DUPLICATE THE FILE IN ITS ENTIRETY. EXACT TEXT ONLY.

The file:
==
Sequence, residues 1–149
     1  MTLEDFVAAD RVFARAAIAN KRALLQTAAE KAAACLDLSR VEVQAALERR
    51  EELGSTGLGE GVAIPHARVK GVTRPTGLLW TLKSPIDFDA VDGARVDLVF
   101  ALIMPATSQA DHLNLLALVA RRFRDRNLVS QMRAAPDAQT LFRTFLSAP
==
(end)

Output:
Sequence, residues 1–149
     1  MTLEDFVAAD RVFARAAIAN KRALLQTAAE KAAACLDLSR VEVQAALERR
    51  EELGSTGLGE GVAIPHARVK GVTRPTGLLW TLKSPIDFDA VDGARVDLVF
   101  ALIMPATSQA DHLNLLALVA RRFRDRNLVS QMRAAPDAQT LFRTFLSAP